Glenn Reynolds and the brown acid

In which Glenn Reynolds provides evidence for the Darwinian hypothesis that humans, or at least right-wing law professors, are related to baboons.

Glenn Reynolds says he’s “confused.” Well, that’s something we can agree on! I might even use a stronger word than “confused.”

After Reynolds has gotten over his concerns about my sanity (he politely suggests that I avoid “the brown acid”) I’d still like to hear his answer to my challenge: if in fact the pesticide industry among others has been flooding the planet with de-masculinizing chemicals, what should be done about it? As far as I can see, the set of candidate solutions consists of regulation, taxation, and litigation, all of which glibertarians hate.

On the parallel problem of global warming, which merely concerns the fate of the planet, Glenn and his playmates have simply agreed to pretend the problem doesn’t exist. That requires them to invent a massive conspiracy theory about how the left-leaning climate scientists invented the whole global-warming problem as an excuse to force socialism on an unwilling world, and foisted it on all the reviewers for scientific journals. But when the threat is to his own gonads, Glenn seems to be willing to admit that scientists often know what they’re talking about.

So now what? It’s hard to deny that damage is being done, and equally hard to imagine whose “property rights” are being violated, or what “property rights” could be created to deal with the problem.

Should the chemical companies be financially liable for the damage they’ve already done, and any damage they might do in the future, though class-action tort suits? (But of course it’s impossible to establish the link between any particular firm’s pollution and any particular injury, and the “tort reform” crowd hates sensible approaches such as apportioning the damages according to market share.)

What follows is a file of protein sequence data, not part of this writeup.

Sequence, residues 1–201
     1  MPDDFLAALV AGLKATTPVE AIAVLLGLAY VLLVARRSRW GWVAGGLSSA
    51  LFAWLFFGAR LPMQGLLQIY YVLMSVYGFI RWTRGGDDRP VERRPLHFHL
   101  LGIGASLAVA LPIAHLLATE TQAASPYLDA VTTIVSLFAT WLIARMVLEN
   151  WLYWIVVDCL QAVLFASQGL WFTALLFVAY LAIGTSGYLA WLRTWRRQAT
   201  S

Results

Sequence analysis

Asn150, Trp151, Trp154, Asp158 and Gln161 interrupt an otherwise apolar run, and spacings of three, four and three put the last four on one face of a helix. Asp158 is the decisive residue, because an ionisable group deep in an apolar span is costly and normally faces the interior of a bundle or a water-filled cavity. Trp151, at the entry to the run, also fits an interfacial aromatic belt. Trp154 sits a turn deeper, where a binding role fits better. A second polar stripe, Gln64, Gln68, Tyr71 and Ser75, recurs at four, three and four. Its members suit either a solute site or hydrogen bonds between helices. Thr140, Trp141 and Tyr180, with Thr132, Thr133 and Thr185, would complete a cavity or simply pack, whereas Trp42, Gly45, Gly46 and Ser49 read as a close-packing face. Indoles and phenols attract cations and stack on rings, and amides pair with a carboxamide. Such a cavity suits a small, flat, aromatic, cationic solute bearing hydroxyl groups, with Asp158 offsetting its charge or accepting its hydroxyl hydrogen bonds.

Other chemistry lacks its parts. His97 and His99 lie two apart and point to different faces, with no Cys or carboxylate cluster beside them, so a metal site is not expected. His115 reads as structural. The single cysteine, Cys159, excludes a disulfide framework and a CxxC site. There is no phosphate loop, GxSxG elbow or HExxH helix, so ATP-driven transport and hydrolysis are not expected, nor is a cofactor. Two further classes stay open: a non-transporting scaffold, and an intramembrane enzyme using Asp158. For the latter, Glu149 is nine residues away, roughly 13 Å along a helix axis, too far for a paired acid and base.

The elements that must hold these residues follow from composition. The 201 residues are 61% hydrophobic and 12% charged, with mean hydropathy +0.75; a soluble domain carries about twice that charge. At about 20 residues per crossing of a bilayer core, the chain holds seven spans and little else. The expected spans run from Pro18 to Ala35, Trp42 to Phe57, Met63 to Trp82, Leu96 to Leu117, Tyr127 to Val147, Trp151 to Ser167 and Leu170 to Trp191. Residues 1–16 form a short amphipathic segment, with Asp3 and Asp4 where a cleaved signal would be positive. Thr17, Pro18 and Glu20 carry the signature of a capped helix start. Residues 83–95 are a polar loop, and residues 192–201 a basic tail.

Should we slap a per-unit tax on the chemicals in question, or impose some sort of command-and-control regulation? More socialism!

In any case, since the problem seems to involve the oceans, a solution would have to be world-wide; how do we deal with that without involving the dreaded United Nations?

Yes, all things considered it’s easy to see why Reynolds prefers questioning my sanity to answering my question.

Footnote Did I hear you say that any claim about gonadal damage made on Reynolds’s behalf would be barred under the maxim De minimus non curat lex? You should be ashamed of yourself!

Update Reynolds has now updated with something about his archive links having been fouled up. Okay, that explains his mistake. Fine. Natually, he offers no apology for suggesting I was hallucinating, and never bothers to answer the substance of the challenge. That raises an interesting question: Is Reynolds ever ashamed of himself?

Second update Cosma Shalizi at Carnegie Mellon has been thinking about the problem:

I think you are both missing the true glibertarian response to this development. This is to see it as a business opportunity: end all restrictions on producing and consuming human sex hormones and their metabolic precursors, and let the pharmaceutical industry sort it out. True, it would mean that biological masculinity would become an expensive luxury, but what good is a poor man anyway?

Author: Mark Kleiman

Professor of Public Policy at the NYU Marron Institute for Urban Management and editor of the Journal of Drug Policy Analysis. Teaches about the methods of policy analysis about drug abuse control and crime control policy, working out the implications of two principles: that swift and certain sanctions don't have to be severe to be effective, and that well-designed threats usually don't have to be carried out. Books: Drugs and Drug Policy: What Everyone Needs to Know (with Jonathan Caulkins and Angela Hawken) When Brute Force Fails: How to Have Less Crime and Less Punishment (Princeton, 2009; named one of the "books of the year" by The Economist Against Excess: Drug Policy for Results (Basic, 1993) Marijuana: Costs of Abuse, Costs of Control (Greenwood, 1989) UCLA Homepage Curriculum Vitae Contact: